So here we are, in Malaysia, one of the best cost of living countries in the world.  If we could afford Australia, then Malaysia should be a dream.  Owing to the 100+ degree daytime temperatures and the need for a big floor space to set up the sewing machine, we decided to share a house with Kiwi Mike from FINE SPIRIT.   The house belongs to the marina owner's mother and is about 15 minutes away.  The rent is $450 US per month for this 5 bedroom furnished house.  So our share, $225/month, is less than what 1 week cost us in Australia.

Our daily commute

A small car can be rented from Hertz in the marina for $350/week. Since this is so outrageously expensive, there is a cottage industry of Malaysians renting private vehicles.  They can usually be rented for around $350/month.  Mike bought a beater car for $1500.  He plans to stay around for a few years so buying a car to him was a no-brainer.  We are not sure how long we'll be sticking around so it is difficult to make the cost analysis but in the end we figured buying is better than renting. 

The car parked in the 'driveway' of our house
The hunt for a car began.  I had the best luck on the website which is similar to craigslist, or it's Australia cousin gumtree.  After trying to contact about 10 sellers with no luck, I got a response from guy selling a Volvo S40 in the town of Taiping, about 2 hours away.  Mike took us up there.  We met at the DMV, which they call JPJ.  The price was good, $2500, the miles were low, 150K km, and it was in great shape.  I never owned a Volvo but am quite impressed with the engineering detail in this vehicle.  It is right hand drive, of course, but we had plenty of right hand driving experience in Australia.  Unlike the United States, there is no sales tax on second hand vehicles.  The road tax is $100/year.  Liability insurance is also $100/year. So that afternoon, Booker and I were driving back to our air conditioned rental house in our very own car.  Life's not so hard on the hard, in Malaysia.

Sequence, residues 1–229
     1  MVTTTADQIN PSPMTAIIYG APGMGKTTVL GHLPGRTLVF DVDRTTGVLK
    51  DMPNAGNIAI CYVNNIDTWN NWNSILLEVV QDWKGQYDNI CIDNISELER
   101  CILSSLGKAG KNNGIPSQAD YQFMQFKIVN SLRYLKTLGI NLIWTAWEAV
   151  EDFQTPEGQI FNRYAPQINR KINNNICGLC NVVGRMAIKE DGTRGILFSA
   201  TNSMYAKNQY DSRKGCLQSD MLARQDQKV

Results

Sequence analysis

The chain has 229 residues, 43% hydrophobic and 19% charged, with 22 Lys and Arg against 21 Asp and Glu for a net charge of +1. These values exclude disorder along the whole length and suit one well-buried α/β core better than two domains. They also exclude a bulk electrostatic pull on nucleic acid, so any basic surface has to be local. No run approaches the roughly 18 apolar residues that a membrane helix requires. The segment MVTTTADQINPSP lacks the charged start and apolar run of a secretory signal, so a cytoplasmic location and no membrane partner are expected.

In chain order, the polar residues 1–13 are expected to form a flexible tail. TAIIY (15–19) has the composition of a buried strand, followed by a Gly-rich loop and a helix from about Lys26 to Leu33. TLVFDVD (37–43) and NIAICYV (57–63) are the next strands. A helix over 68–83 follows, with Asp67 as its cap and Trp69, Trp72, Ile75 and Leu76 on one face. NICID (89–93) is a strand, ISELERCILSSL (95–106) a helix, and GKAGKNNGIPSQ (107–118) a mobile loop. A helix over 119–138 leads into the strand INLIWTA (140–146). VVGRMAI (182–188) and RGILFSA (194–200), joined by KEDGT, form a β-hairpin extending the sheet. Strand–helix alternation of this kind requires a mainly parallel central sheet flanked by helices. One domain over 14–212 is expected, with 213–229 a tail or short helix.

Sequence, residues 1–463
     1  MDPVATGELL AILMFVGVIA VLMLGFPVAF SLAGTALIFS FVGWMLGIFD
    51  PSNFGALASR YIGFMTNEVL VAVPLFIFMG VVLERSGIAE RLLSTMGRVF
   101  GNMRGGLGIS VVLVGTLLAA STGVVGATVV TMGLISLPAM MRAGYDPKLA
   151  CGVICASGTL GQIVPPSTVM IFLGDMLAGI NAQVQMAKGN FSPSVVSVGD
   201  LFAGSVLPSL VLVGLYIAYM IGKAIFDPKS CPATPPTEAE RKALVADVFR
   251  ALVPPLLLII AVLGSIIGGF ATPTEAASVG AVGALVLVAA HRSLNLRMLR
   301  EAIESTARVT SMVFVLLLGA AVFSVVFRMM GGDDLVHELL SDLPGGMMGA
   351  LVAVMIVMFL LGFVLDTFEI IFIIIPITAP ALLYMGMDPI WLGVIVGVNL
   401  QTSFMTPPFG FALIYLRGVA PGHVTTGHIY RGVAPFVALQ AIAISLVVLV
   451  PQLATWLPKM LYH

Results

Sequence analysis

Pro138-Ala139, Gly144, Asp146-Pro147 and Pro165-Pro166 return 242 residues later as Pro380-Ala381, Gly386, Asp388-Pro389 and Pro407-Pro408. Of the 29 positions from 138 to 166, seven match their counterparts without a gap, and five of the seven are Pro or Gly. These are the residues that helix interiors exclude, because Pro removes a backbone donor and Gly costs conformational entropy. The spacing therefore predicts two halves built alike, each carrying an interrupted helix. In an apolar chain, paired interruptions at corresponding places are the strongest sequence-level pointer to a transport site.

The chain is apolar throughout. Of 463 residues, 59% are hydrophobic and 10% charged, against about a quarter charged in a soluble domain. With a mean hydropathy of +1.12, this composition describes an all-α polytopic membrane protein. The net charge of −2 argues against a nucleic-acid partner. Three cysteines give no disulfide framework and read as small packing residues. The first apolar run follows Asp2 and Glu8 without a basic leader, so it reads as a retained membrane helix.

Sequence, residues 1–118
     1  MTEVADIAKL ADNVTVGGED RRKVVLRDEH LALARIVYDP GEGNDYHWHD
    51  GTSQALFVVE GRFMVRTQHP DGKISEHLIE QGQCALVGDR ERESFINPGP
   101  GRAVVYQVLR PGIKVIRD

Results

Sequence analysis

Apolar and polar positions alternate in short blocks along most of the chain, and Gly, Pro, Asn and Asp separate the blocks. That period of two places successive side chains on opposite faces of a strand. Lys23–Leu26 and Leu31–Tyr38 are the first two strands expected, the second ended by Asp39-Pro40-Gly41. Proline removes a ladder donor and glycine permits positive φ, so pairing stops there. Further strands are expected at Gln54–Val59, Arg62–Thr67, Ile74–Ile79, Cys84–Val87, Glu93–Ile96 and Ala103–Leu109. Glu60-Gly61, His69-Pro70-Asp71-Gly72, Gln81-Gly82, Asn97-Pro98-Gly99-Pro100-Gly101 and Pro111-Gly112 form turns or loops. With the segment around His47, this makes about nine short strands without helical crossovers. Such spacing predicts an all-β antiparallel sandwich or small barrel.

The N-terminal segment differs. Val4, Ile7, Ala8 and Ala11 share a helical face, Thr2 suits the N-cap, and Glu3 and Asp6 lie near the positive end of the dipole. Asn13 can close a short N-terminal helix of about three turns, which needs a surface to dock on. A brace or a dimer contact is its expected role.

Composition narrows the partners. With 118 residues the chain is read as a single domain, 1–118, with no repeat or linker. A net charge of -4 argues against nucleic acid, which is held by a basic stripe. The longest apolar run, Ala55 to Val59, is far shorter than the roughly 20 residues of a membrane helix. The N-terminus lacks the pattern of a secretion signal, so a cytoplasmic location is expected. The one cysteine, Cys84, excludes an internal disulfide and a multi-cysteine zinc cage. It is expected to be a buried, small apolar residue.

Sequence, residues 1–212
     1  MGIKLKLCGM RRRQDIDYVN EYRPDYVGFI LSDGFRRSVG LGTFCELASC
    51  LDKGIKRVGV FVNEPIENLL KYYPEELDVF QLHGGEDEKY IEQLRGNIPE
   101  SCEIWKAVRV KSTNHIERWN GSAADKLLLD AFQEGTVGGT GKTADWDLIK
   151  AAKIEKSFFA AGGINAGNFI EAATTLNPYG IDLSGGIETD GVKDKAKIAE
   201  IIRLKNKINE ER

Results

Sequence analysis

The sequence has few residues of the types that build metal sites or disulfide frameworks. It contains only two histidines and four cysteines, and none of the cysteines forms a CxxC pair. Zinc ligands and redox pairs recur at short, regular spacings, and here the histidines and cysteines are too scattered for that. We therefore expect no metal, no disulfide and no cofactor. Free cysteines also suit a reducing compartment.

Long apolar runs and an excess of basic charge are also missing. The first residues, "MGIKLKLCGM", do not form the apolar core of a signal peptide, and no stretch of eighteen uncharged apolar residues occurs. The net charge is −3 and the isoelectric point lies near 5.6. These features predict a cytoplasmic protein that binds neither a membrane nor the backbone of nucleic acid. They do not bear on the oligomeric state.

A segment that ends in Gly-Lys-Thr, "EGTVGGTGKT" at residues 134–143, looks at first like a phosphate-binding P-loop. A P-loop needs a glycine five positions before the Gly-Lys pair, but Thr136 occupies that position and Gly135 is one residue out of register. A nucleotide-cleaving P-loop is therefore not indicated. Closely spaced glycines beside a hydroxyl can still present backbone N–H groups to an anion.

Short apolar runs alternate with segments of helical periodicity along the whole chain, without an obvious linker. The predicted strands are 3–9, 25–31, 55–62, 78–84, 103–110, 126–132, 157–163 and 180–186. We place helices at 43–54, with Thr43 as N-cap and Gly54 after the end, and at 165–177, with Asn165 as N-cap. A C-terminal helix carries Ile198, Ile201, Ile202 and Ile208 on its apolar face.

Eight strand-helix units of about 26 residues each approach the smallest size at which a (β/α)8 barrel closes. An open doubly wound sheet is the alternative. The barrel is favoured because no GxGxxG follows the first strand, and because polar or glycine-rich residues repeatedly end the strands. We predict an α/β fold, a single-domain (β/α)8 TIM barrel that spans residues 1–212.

Friday, April 15, 2016

Hauling Out a Privilege Catamaran with a SeaLift Trailer

There are 3 ways to lift out a boat.  A Travelift, trailer, and crane.  Our owners manual has a detailed section on using the Travelift and crane but has nothing about the trailer.

We're tied to a tree and this trailer needs to be perfectly positioned
I contacted Privilege about using the trailer and got a very non-committal answer saying "we don't recommend it".  Other catamarans however claim that it is the preferred way to haul them out.  In the past 10 years, we have been hauled out 8 times and always by a Travelift.  We heard the FULL MONTY, a privilege 48, was hauled out with a trailer in Tahiti and cracked both their escape hatches.  In Australia, we saw a Privilege 48 being hauled by a SeaLift trailer and it seemed to work out fine.  So we figured why not give it a try.  It may also be a handy thing to know about for use in other parts of the world.

Trailer going down the ramp and under Tortuguita